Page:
This year, the hottest trend in education is discrimination and it seems to be taking over.
Last week netizens learned the disturbing story of a young Florida boy who wasn't allowed to attend his first day of school because he had dreads. This week the trend hopped the border into Louisiana where a school sent a young girl home because she didn't have natural hair. Nevermind the purely arbitrary nature of these policies, they also disproportionately affect African-American students who use these styles as a way to make their hair more manageable and stylish. Video
of the most recent case shows a young student named Faith, dressed in her school uniform, crying and gathering her belongings, as her relatives plead with school officials not to send her home.
In the background, a school administrator can be heard saying, "I don't want this to happen." Clearly, that isn't the case. According to the girl's relative, the school only told them about the new policy that stipulates: — "extensions, wigs, hairpieces of any kind are not allowed" — the first day of school.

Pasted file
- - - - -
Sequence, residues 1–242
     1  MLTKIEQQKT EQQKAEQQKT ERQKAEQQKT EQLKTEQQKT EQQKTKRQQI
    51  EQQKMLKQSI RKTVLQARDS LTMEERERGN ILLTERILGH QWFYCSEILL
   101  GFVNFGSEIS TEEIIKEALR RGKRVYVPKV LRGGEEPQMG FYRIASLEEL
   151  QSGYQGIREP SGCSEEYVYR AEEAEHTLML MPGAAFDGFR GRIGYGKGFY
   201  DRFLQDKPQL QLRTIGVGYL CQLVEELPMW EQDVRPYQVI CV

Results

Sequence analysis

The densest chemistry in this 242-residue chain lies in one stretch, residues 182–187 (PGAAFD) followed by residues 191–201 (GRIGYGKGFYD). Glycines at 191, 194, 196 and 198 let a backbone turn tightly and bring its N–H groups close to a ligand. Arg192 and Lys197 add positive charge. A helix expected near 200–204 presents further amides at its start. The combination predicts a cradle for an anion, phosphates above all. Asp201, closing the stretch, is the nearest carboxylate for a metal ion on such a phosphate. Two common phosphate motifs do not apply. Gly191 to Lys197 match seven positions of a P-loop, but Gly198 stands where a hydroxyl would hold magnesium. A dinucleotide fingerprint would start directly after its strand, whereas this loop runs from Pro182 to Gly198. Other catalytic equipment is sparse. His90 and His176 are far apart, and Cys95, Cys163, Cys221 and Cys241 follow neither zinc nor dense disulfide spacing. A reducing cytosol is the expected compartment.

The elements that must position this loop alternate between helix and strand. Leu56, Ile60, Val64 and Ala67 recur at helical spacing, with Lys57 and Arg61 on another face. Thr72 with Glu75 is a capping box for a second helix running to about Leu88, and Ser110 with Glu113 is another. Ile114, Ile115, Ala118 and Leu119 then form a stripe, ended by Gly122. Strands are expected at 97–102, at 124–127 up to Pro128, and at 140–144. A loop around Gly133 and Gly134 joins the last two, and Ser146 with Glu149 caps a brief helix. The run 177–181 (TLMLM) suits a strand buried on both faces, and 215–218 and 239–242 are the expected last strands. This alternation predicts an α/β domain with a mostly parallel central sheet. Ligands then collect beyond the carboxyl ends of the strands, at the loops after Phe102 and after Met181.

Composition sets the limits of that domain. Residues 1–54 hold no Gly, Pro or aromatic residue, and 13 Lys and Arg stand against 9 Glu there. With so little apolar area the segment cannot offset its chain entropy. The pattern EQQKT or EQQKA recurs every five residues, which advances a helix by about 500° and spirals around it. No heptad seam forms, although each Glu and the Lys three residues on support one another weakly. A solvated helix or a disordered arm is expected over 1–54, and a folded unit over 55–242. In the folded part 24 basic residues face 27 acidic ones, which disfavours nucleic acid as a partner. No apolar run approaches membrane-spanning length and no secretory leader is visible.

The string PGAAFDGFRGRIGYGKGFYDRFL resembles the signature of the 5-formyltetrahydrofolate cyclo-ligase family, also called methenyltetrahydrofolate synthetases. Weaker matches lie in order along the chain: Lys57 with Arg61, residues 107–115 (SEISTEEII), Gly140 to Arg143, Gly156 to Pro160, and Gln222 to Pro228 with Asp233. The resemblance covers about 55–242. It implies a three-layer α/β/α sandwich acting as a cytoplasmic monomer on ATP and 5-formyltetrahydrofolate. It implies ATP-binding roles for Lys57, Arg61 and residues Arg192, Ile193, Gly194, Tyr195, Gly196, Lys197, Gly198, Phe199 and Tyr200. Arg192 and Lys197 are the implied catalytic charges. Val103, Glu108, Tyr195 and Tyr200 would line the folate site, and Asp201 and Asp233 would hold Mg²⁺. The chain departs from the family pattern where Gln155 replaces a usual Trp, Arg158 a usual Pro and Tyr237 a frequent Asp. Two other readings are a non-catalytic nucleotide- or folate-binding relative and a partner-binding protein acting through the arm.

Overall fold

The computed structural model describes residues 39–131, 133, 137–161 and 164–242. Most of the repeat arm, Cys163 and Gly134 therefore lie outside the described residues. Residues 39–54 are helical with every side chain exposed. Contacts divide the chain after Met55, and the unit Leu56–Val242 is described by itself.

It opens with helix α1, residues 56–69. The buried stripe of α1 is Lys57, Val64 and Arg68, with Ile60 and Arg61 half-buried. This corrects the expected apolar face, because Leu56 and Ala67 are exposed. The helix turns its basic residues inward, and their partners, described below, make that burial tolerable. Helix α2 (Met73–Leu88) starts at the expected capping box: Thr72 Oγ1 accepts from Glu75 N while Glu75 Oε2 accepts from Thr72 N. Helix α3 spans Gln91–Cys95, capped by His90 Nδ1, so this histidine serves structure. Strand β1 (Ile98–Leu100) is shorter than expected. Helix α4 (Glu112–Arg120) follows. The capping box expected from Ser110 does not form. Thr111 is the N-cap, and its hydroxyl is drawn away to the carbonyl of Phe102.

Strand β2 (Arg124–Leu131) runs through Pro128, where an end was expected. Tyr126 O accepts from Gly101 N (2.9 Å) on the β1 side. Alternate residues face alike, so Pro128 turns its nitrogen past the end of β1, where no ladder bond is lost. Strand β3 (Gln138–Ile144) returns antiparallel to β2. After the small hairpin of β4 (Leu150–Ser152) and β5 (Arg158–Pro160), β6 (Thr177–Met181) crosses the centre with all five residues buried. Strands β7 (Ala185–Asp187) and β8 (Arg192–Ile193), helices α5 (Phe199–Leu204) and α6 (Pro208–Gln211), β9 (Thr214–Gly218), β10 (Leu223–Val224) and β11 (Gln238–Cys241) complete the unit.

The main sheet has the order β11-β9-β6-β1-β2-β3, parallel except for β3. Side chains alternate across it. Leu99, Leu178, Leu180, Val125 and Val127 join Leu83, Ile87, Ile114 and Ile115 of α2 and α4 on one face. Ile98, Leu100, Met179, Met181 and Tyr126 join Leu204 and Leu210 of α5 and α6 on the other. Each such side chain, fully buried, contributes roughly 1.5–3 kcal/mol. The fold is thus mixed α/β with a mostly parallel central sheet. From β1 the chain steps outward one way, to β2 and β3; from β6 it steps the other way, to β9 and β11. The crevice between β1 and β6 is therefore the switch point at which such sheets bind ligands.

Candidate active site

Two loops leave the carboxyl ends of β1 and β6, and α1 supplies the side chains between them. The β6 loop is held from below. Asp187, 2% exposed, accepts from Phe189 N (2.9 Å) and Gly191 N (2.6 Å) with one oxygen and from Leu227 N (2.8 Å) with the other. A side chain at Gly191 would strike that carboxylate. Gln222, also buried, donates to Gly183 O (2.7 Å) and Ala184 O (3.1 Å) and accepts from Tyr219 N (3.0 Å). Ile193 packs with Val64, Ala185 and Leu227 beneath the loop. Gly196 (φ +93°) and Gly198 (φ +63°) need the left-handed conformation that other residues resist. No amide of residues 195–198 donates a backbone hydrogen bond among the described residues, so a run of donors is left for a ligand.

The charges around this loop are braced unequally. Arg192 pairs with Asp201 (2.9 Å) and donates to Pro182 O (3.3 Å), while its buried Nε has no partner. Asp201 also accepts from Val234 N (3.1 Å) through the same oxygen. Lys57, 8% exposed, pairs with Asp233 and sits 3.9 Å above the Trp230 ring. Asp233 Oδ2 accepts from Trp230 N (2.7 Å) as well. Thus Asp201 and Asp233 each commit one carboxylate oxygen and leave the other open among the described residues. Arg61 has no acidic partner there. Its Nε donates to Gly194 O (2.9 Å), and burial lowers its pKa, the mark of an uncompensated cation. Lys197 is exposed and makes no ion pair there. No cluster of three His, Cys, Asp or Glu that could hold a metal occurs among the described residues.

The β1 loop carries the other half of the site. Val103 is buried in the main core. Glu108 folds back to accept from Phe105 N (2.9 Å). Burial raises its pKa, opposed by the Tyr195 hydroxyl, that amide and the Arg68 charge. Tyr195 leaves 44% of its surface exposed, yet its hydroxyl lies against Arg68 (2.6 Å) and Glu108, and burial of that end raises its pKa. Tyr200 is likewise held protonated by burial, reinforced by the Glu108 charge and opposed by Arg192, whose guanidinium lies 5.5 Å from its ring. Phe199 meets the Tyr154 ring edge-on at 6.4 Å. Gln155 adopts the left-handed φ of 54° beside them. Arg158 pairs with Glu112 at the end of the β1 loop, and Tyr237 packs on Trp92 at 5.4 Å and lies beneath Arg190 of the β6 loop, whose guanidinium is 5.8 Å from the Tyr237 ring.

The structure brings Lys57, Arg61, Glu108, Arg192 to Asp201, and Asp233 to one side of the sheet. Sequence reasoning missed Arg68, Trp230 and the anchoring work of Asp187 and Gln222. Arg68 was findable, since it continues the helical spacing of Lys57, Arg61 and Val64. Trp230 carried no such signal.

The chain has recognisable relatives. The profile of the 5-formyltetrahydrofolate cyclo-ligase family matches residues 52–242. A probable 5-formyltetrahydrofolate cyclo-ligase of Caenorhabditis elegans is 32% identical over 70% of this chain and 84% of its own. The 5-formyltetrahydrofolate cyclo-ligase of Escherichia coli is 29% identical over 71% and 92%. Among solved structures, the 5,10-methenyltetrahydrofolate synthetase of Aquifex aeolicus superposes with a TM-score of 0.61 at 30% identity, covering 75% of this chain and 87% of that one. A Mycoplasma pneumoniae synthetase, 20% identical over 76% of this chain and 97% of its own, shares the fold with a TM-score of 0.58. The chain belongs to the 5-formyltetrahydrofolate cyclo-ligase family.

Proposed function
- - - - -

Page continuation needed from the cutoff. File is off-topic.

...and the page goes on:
Faith and her family had no idea. She has been attending Christ the King Elementary Schoo
l in Terrytown for two years with the same hairstyle and now, from one day to the next, it's a problem. What's more, instead of allowing her to finish the day at school with a warning, administrators decided to humiliate her publically.
As Teen Vogue says: "Unequal policies such as these have led black girls to feel insecure and humiliated about their physical appearance, and subsequently can affect their ability to learn and feel comfortable in academic environments." A student's hairstyle, especially something as harmless as extensions, doesn't negatively affect their ability to learn or participate in class, but punishing them because of their chosen style can, in fact, have those unwanted effects
This nonsense must end, they only serve to "otherize" and discriminate. Please sign the petition and ask school administrators at Christ the King Elementary School in Terrytown, Louisiana to change their discriminatory hair policy and start focusing on what's important — their students' education, not their hair.